You've heard of focus groups --they sit in rooms and eat a new type of cookie or watch the trailer for a new television show -- and offer their opinions to a panel of "product developers." The producers or manufacturers take all the comments and use them to tweak the product, or even discontinue it altogether. Sometimes the product people don't want anyone to know what they're planning, so they give you something similar to test the waters and see how their real product would do.
Right now, you are a focus group for Democrats in Alaska, and you likely have no idea.
A few things have happened in a short time that point to the fact the Democrats are weighing their options and trying to gauge public opinion using social media and news outlets.
First a "We Want Wielechowski" page showed up on Facebook - likely started by political strategist Jim Lottsfeldt. Shortly after that, Ivan Moore - also a pollster and political strategist - proposed that Sen. Bill Wielechowski run for lieutenant governor on a ticket with Bill Walker, who has already announced his run for governor as an independent. Finally, a week ago, state Sen. Hollis French announced his intention to run again for governor.
I've asked Sen. Wielechowski a number of times about the discussion of him running for governor or lieutenant governor, and he has always answered that he is enjoying his summer and weighing his options.
French and Wielechowski are political allies and friends. They can often be seen in professional and social settings together. It's unlikely that the two would run against each other in a Democrat primary, and it's very likely they had some sort of discussion before French announced his intent.
Casey Reynolds broke that news on his KFQD radio show the morning French filed paperwork saying he was exploring a run for governor. It's odd that Hollis took that step so quietly, without the usual media fanfare.
In 2010 French was only able to grab 38 percent of the vote when he ran against Ethan Berkowitz in the Democratic primary, even though party insiders will tell you French was the favorite of the Alaska Democratic Party.
So why would an establishment Democrat file his intent to run for governor while Wielechowski is still "weighing his options?" Would French consider running against his friend and political ally? I doubt it.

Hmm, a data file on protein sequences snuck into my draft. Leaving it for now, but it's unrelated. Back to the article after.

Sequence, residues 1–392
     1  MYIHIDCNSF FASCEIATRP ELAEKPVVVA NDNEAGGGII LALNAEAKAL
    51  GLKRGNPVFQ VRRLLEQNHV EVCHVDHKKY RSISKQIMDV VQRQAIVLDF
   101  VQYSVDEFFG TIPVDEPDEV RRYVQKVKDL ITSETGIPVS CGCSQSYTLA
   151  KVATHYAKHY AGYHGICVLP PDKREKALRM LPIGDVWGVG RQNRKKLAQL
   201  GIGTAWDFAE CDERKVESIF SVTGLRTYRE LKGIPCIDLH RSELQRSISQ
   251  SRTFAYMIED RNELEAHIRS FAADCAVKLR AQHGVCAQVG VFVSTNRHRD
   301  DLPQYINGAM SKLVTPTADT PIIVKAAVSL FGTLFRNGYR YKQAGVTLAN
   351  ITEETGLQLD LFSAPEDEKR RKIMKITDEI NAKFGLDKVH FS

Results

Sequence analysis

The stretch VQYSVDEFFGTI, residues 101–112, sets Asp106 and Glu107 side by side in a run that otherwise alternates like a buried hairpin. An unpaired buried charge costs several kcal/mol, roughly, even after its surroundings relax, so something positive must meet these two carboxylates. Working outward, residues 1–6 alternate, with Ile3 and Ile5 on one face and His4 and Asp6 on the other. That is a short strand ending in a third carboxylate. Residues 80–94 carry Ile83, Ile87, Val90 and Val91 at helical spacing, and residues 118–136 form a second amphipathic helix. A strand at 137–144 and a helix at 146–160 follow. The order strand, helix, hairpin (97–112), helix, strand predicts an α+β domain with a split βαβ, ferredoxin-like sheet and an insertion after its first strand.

French is probably trying to gauge public opinion on possible races involving a mix of Democratic candidates against incumbent Gov. Sean Parnell. That would explain why he entered the race slightly under the radar, and why he filed his intent without actually filing to run for governor. If Wielechowski will be the eventual Democrat favorite in one capacity or another, French can't actually file for a specific office until he knows where Wielechowski plans to go.
There's also the question of Sen. Mark Begich defending his seat for the first time since he unseated incumbent Ted Stevens in the historic election of 2008 - and this year is not shaping up to be a cakewalk for him. The GOP already has heavyweights Lt. Gov. Mead Treadwell and Joe Miller in the hunt. Political insiders believe Department of Natural Resources Commissioner Daniel Sullivan will enter the race after he returns from his current deployment with the Marines in Afghanistan.
Begich presumably wants a strong Democrat on the gubernatorial ballot to help bring Democrats to the polls, whereas Democratic insiders seem to favor the "Two Bills" idea -- putting a Walker/Wielechowski ticket running outside the party system in an attempt to court moderates on both sides and still shore up the liberal base.
So Alaska, you're the Democrats' focus group. Or guinea pigs.
Whether or not you're aware of it, you're the party's way to decide if they will help Begich with a strong Democrat on the gubernatorial ballot or really try to beat Parnell using the independent coattails of Bill Walker.
Mike Dingman is a fifth generation Alaskan, born and raised in Anchorage. He is a former student body president at UAA and has studied, worked and volunteered in Alaska politics since the late 90s. E-mail, email@example.com.
By MIKE DINGMAN